Because there apparently aren't enough animated dinosaur movies out there already, and because Disney didn't learn their lesson from the last one of these that they made, we have Pixar's The Good Dinosaur. We had a screening of it at work the other week, and while none of the creative team were there to present it, the reps from Disney and Pixar who were there, felt under some obligation to tell us how "close to the heart" this film was for all of them, and how this movie was all about the "power of family". Now, when someone feels obligated to tell you what the underlying theme is for the movie you're about to see, you know you're in trouble.
But then, The Good dinosaur has had nothing but trouble since its inception. It was pushed back from its original release date twice, had the original director and producer fired from the project, and with less than six months to go before its release, had nearly the entire voice cast replaced.
I'm sure there must be some point at which movie studios see a train-wreck like this coming and it's still possible to stop it. But The Good Dinosaur passed that point, and kept on a-rollin'. Presumably, they got to some point where they'd spent so much money on it, that it made more sense to just try and shove it out the door in whatever state it was in and try to recoup some money from it, than ashcan it completely and try to write off the whole thing.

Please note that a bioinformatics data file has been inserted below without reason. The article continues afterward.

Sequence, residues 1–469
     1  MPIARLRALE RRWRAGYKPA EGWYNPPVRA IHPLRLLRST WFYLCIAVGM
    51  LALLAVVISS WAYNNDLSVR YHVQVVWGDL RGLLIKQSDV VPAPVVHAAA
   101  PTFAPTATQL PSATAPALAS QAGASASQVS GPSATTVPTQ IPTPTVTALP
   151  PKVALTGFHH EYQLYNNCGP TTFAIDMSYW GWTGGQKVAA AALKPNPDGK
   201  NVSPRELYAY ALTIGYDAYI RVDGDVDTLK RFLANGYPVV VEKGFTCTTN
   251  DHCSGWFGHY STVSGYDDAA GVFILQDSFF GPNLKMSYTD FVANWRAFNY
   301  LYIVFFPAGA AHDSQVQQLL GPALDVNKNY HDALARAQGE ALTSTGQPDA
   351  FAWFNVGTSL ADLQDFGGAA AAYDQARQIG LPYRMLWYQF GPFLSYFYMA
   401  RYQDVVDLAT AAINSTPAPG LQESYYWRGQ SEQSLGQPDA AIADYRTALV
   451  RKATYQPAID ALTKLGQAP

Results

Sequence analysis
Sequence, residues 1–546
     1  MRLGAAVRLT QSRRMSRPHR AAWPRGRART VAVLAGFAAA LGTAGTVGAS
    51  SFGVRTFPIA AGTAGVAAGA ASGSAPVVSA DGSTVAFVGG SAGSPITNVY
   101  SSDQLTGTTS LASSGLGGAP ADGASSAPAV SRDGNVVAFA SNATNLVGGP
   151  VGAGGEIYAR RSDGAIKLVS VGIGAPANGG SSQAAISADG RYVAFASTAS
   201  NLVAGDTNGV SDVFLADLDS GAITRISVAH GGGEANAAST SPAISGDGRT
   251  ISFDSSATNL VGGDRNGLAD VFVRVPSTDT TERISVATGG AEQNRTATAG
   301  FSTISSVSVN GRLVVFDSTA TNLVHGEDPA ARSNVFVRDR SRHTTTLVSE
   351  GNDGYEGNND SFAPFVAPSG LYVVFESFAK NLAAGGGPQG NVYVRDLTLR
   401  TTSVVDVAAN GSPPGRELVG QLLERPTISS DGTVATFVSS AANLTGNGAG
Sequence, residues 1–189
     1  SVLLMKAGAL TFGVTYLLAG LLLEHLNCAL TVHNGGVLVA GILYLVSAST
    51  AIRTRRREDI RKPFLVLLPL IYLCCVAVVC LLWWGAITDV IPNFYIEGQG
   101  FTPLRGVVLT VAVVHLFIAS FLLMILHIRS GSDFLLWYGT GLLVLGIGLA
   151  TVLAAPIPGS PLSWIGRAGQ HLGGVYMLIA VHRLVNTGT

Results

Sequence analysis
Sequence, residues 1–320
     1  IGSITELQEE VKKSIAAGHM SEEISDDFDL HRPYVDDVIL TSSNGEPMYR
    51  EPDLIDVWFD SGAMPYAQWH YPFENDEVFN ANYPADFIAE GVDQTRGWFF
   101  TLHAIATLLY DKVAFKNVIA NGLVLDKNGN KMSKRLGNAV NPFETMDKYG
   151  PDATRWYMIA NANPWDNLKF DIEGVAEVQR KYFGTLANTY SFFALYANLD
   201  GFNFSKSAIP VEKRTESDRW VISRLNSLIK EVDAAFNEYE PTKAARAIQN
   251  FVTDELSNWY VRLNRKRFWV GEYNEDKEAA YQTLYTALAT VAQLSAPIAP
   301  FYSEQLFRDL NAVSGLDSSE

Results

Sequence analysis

You might have guessed by now that this isn't going to exactly be a positive review. The funny thing is, if you read many of the reviews for this film on Rotten Tomatoes, they all start off about the same way... "This isn't a bad film, but it's not one of Pixar's best," and then the reviewers inevitably find something about the film to praise (typically the visuals or animation), and end up giving it a begrudgingly positive review, as if the fact that it's a Pixar film somehow earns it a free pass. Consequently, the film has ended up with a much higher average score than it really deserves.
Well, I'm not giving Pixar a free pass.
The Good Dinosaur is, in fact, a bad film. It's borderline terrible. If not for Cars 2 (which will likely, and hopefully, stand forever as Pixar's worst film) this would be right at the bottom.